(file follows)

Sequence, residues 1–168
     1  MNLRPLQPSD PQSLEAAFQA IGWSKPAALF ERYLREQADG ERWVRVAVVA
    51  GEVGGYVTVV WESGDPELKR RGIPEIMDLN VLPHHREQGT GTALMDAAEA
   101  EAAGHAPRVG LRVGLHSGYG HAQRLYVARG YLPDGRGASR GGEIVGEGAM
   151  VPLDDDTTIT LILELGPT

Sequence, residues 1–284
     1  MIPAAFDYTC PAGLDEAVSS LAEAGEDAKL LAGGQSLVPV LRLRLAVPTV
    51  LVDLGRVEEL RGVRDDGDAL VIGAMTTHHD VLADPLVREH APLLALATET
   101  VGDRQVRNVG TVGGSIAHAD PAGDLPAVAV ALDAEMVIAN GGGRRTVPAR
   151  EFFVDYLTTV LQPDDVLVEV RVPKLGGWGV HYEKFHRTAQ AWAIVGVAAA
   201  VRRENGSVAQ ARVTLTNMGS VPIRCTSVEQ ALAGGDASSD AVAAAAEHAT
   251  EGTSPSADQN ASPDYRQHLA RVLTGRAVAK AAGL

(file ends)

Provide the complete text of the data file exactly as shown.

Sequence, residues 1–168
     1  MNLRPLQPSD PQSLEAAFQA IGWSKPAALF ERYLREQADG ERWVRVAVVA
    51  GEVGGYVTVV WESGDPELKR RGIPEIMDLN VLPHHREQGT GTALMDAAEA
   101  EAAGHAPRVG LRVGLHSGYG HAQRLYVARG YLPDGRGASR GGEIVGEGAM
   151  VPLDDDTTIT LILELGPT

Sequence, residues 1–284
     1  MIPAAFDYTC PAGLDEAVSS LAEAGEDAKL LAGGQSLVPV LRLRLAVPTV
    51  LVDLGRVEEL RGVRDDGDAL VIGAMTTHHD VLADPLVREH APLLALATET
   101  VGDRQVRNVG TVGGSIAHAD PAGDLPAVAV ALDAEMVIAN GGGRRTVPAR
   151  EFFVDYLTTV LQPDDVLVEV RVPKLGGWGV HYEKFHRTAQ AWAIVGVAAA
   201  VRRENGSVAQ ARVTLTNMGS VPIRCTSVEQ ALAGGDASSD AVAAAAEHAT
   251  EGTSPSADQN ASPDYRQHLA RVLTGRAVAK AAGL